Expanding a 2016 ban on city-funded employee travel to certain locations, San Francisco will now also prohibit employees from taking paid travel to states that are pro-life.
San Francisco Supervisor Vallie Brown introduced the proposal on Tuesday at a meeting for the city’s board. The proposal would expand the current ban on paid travel to states that have “anti-LGBT” laws by including highly pro-life states as well.
Brown argued that this proposal, “will expand the existing ordinance to states that have waged war on our constitutionally protected right to an abortion.”
All eleven members of the board were “yes” votes, passing the proposal unanimously. The board will be required to vote on it one more time before sending it to the mayor’s office to be signed.
Georgia, Louisiana, Ohio, Kentucky, and Mississippi will all be targeted states for this ban because they have passed laws that ban abortions after six weeks of pregnancy. Additionally, Missouri has banned abortions after eight weeks of pregnancy and Alabama has banned all abortions in the state that aren’t necessary to prevent serious medical risks to the mother, making both states likely to also be included under this prohibition.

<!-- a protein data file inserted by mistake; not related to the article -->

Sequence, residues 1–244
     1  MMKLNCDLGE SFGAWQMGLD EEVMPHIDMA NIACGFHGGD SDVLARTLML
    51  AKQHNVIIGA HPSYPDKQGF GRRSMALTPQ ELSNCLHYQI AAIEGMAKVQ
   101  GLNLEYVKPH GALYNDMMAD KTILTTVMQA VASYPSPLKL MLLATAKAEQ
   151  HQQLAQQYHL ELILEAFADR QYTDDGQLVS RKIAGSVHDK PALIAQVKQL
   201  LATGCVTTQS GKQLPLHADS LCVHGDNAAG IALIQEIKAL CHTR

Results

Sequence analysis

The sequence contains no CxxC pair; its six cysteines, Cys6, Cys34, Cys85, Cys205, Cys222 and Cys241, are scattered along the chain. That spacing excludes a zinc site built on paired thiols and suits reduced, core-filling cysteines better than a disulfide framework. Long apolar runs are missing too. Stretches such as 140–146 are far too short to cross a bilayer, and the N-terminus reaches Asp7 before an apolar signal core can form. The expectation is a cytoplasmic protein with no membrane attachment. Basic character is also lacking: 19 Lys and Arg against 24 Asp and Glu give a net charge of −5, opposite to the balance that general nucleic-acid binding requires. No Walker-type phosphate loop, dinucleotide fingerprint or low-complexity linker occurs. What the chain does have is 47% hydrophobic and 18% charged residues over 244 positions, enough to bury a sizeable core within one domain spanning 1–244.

This ban will not only prohibit city-funded travel for employees to these states but will also forbid contracts with companies that headquarter in pro-life states. Brown pointed out the economic impact of this ban when she was presenting the proposal, stating, “Let’s put our money where our mouth is.”
The original 2016 ban impacted states which were viewed as having anti-LGBT laws on their books and also banned both travel funding and city contracts. States like Texas and Kentucky were impacted.
San Francisco’s 2016 ban was followed by a 2018 ban across the entire state of California. The 2018 ban prohibited state-sponsored travel to states viewed as allowing discrimination based on sexual orientation or gender identity. Alabama, Kansas, Kentucky, Mississippi, North Carolina, Oklahoma, South Dakota, and Texas are all on the list of prohibited states.
A similar ban in response to Alabama’s abortion prohibition was enacted by Los Angeles city officials earlier this year.